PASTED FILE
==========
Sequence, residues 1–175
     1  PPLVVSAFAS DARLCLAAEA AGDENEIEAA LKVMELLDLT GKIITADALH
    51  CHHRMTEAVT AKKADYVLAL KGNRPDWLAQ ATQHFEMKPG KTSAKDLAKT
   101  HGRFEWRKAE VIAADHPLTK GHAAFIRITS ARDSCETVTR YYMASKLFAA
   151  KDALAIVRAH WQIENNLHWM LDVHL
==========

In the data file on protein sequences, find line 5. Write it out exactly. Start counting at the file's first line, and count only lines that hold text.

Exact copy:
   151  KDALAIVRAH WQIENNLHWM LDVHL